To Serve Them All My Days

R.F Delderfield is a born storyteller Sunday Mirror The beloved classic saga from master author R F Delderfield, subject of a landmark BBC miniseries To Serve Them All My Days is the moving saga of David Powlett Jones, who returns from World War I injured and shell shocked He is hired to teach history at Bamfylde School, where he rejects the formal curriculum an R.F Delderfield is a born storyteller Sunday Mirror The beloved classic saga from master author R F Delderfield, subject of a landmark BBC miniseries To Serve Them All My Days is the moving saga of David Powlett Jones, who returns from World War I injured and shell shocked He is hired to teach history at Bamfylde School, where he rejects the formal curriculum and teaches the causes and consequences of the Great War.Eventually David earns the respect of his students and many of his fellow teachers, against the backdrop of a country struggling to redefine itself As David falls in love and finds himself on track to possibly take on the headmaster role, he must search to find the strength to hold true to his beliefs as the specter of another great war looms.To Serve Them All My Days is a brilliant picture of England between the World Wars, as the country comes to terms with the horrors of the Great War and the new forces reshaping the British government and society.Subject of a Landmark BBC MiniseriesIncludes Bonus Reading Group GuideWHAT PEOPLE ARE SAYING I sometimes still wake up in the morning and look forward to reading about P.J and Bamfylde From the stationmaster on the first page to the last boy on the last page, these characters all have a very human aspect that connects to you immediately This book should be in everyone s library This is an ennobling book showed a person wounded in body and spirit who found that concentrating on the details of teaching the schoolboys under his care was, in a sense, a healing meditationjust the book for a cold rainy daywith a hot cup of tea and a scone Mr Delderfield s manner is easy, modest, heartwarming Evening Standard He built an imposing artistic social history that promises to join those of his great forebears in the long, noble line of the English novel His narratives belong in a tradition that goes back to John Galsworthy and Arnold Bennett Life Magazine Sheer, wonderful storytelling Chicago Tribune Highly recommended Combines tension with a splendid sense of atmosphere and vivid characterisation An excellent read Sunday Express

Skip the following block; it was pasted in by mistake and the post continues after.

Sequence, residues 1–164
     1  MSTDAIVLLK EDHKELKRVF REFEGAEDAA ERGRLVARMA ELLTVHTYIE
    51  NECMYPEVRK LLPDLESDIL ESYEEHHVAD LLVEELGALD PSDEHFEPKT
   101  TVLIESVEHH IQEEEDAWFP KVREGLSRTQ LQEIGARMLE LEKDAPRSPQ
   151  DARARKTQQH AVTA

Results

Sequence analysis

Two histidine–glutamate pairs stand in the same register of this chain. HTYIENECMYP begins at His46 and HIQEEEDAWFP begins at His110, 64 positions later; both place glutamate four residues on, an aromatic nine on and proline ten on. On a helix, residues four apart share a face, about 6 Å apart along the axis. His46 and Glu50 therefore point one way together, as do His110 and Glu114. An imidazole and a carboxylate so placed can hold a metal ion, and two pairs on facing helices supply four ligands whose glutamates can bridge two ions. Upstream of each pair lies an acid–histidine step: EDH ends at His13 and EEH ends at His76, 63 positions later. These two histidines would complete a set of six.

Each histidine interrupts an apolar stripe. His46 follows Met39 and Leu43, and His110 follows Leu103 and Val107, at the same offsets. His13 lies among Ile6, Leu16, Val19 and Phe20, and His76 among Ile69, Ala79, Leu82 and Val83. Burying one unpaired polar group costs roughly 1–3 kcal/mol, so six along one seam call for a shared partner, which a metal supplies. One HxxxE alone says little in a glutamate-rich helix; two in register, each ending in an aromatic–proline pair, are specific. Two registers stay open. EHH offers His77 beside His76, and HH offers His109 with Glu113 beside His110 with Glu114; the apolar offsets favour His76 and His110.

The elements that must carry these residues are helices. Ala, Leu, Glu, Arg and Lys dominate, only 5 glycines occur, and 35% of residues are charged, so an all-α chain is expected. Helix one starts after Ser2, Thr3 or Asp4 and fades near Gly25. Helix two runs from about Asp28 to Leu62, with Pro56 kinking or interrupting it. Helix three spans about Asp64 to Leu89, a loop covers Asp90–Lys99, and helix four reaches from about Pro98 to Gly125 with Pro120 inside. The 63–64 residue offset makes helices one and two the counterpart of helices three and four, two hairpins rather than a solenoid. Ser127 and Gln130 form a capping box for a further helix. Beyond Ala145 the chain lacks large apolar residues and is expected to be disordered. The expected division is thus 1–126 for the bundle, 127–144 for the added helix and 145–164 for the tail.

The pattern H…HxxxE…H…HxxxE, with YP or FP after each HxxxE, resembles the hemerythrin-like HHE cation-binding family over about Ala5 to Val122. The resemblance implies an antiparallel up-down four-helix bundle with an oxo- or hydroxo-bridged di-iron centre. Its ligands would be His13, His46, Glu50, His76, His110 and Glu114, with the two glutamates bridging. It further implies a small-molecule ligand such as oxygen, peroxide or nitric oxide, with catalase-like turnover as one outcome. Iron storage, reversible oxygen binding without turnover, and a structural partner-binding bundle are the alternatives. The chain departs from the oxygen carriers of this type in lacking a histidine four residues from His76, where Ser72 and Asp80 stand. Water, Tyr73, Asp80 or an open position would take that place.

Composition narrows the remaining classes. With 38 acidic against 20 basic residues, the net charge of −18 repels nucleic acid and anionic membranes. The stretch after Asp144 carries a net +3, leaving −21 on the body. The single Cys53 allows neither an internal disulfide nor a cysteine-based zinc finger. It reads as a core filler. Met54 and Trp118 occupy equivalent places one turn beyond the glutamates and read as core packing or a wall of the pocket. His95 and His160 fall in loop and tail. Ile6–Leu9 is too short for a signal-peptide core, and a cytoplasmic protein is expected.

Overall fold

To Serve Them All My Days R F Delderfield is a born storyteller Sunday Mirror The beloved classic saga from master author R F Delderfield subject of a landmark BBC miniseries To Serve Them All My Days is the moving saga of Da

  • Title: To Serve Them All My Days
  • Author: R.F. Delderfield
  • ISBN: 9781402218248
  • Page: 275
  • Format: Paperback
  • 1 thought on “To Serve Them All My Days”

    1. We saw the 1980 Masterpiece Theatre series compliments of Netflix. Then I wanted to read the book. The series followed the storyline almost completely. Reading the book after seeing hours of the characters on the film, made it seem like visiting old friends. Below is from the end flaps of the 1972 first printing of the book (obtained on order from the local library). " an England emerging from the horrors and bloodshed of the 1914-18 war into the twenty years of change, upheaval and uneasy peace [...]

    2. Very rarely do I find a book that captures so much of my mind that I read every word. This was one of those books! It embraced a heart for teaching, a passion for history, a draw to love, and a strength through hardship all in a landscape of a prep school in England. Looking at life between the two wars that both engulfed the world, from the perspective of a small, secluded, and hidden piece of the earth was one of the most interesting perspectives I have been immersed in! It challenged my mind [...]